There are four stations on the square. Everyone knows Leningradsky, Yaroslavsky and Kazansky, as well as another station, not so noticeable - Imperial. This small station was officially called the "Imperial Railway Pavilion". It was built in 1896 specifically for the meeting of Emperor Nicholas II, who was supposed to come to Moscow for the coronation.
The Tsar's train from St. Petersburg was going to be met at the Kalanchevskaya station, which was located next to the Nikolaevsky railway station, and it was decided to build a magnificent station there.
It was assumed that it was this Imperial Station that in the future would carry out the dispatch of government and other special trains.
The construction of the royal pavilion was entrusted to Henrikh Voinevich, the architect of the Nikolaev railway. The station was built of red brick and decorated with tarutino stone. The dome was covered with zinc and a tower with a spire was erected.
The interior of the station was magnificent. Inside, the pavilion was decorated with mirrors and candelabra, the walls were covered with damask and upholstered furniture for the royal family and carved oak benches with high backs and monograms for the rest of the public were made. They survived until the Soviet era, and while passengers were allowed into the pavilion, people could use them.
On the side of the tracks, a special wide platform was arranged, on which a parade military command in 12 rows, as well as an orchestra, could be accommodated. The platform was covered with a light canopy with fine carvings. Near the new station, a square and a public garden were laid out, which surrounds the building to this day.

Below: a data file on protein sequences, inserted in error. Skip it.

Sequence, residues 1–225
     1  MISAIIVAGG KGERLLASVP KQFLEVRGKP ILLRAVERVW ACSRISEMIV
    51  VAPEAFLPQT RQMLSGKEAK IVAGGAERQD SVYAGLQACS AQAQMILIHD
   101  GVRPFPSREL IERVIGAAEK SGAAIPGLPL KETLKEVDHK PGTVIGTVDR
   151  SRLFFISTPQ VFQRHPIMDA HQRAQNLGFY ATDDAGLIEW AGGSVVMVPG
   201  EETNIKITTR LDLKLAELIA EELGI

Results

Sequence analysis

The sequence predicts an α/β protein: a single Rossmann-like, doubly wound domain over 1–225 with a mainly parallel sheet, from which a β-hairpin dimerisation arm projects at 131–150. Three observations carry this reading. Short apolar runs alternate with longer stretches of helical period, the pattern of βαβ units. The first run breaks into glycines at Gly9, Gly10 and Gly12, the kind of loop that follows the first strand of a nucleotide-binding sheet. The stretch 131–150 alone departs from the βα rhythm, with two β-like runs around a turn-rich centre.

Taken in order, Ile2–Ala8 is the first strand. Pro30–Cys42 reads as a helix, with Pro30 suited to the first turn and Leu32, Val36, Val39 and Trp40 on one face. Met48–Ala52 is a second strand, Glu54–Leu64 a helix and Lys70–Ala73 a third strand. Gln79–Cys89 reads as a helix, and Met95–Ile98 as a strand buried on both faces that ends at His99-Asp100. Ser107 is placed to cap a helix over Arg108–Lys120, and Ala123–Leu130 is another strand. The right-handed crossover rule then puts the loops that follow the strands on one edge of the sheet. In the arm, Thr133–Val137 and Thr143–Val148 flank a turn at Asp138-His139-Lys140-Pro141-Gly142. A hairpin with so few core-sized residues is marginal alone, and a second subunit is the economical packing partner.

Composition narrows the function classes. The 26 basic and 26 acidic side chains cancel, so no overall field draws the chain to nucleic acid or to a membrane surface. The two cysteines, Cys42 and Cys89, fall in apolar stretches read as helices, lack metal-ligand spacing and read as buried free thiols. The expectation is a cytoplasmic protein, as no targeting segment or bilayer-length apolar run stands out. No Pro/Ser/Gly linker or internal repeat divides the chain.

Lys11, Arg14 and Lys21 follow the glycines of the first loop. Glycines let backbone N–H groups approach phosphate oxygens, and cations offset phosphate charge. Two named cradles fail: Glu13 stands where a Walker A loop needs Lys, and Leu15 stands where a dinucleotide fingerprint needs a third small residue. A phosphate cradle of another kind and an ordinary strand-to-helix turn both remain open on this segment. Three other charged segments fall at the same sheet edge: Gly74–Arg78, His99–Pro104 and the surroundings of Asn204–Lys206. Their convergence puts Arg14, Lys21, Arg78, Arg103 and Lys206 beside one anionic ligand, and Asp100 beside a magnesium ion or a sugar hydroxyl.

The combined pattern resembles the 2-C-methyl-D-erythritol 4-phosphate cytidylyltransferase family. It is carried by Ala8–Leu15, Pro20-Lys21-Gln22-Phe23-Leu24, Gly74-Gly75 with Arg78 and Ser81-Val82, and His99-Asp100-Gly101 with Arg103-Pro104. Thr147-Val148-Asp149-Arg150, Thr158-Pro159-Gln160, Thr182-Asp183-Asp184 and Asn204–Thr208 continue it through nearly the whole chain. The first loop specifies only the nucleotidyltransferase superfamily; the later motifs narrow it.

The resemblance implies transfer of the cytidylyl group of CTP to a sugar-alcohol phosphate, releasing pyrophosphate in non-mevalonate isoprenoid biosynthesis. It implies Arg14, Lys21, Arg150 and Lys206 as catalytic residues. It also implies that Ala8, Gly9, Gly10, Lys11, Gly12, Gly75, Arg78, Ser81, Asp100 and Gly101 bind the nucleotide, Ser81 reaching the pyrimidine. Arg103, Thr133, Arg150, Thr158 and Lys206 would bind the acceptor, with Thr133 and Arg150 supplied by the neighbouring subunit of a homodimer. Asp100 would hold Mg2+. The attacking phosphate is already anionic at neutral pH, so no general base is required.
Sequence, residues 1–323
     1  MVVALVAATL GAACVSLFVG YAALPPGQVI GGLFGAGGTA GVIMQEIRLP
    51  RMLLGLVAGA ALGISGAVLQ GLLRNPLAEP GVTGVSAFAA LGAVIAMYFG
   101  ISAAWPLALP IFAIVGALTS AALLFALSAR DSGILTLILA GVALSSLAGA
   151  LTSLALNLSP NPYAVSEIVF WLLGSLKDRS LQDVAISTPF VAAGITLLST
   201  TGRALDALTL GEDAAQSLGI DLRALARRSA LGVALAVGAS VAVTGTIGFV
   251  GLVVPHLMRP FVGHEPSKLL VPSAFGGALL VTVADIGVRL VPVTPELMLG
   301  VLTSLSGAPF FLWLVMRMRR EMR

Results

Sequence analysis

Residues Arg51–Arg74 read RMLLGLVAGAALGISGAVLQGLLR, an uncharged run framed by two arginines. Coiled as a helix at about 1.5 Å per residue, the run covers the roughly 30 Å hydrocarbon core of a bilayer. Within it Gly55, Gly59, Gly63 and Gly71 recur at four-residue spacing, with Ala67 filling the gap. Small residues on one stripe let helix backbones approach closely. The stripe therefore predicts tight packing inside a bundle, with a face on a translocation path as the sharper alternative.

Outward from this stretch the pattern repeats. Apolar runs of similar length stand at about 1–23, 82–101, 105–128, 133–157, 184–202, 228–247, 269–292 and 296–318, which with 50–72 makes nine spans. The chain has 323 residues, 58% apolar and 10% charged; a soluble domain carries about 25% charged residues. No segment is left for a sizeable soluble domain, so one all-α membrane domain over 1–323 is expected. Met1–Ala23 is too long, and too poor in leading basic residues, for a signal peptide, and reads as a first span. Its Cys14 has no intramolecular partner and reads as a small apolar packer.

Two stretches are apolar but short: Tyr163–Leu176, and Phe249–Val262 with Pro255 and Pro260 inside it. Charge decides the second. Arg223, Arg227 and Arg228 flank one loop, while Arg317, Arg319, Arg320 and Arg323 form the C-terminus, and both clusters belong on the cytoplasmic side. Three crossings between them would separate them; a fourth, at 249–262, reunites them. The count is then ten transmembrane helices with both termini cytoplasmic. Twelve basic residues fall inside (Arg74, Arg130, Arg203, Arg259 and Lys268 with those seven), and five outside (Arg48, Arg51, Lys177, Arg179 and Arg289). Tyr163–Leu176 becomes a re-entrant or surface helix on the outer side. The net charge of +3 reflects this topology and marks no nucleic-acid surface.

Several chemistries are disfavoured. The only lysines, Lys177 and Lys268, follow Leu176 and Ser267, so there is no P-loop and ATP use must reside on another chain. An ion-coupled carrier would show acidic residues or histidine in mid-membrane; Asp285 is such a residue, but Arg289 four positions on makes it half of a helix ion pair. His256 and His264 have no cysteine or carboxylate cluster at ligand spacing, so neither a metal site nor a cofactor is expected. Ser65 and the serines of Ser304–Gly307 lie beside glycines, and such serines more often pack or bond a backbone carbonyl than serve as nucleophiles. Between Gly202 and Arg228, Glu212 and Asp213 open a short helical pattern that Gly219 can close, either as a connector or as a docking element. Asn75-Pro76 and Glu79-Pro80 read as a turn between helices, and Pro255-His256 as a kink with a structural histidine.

But for a number of reasons, Nicholas II did not come to this station for the coronation. The organizers did not take into account the fact that the procession was to follow further along Kalanchevskaya, and then along Myasnitskaya Street. These narrow streets could not accommodate the horse carriages accompanying the emperor. In addition, silver rubles were brought to Moscow for the coronation for distribution to the people, and such distribution in the narrow streets could lead to a crush.
Therefore, the imperial train arrived at the Brest (now Belorussky) station.
True, two months later, on the way from the Nizhny Novgorod exhibition, the tsar still stopped to rest in the imperial pavilion. The second time he came to this station was in 1912, when he arrived in Moscow to unveil a monument to his father, Alexander III, near the Cathedral of Christ the Savior. On that day, the Kalanchevskaya platform was lined with carpets, white and red cloth; on flower beds, the royal monograms and the coat of arms of Russia were made up.
All the years before the revolution, the pavilion was carefully guarded and maintained in an appropriate condition.
After the revolution in this building for some time there was a district council of railway workers, then the first city-wide conference of the Union of Working Youth "III International" was held here, in honor of which memorial plaques were placed on the building. And then the former royal pavilion became just a suburban train station. There are cash desks there now.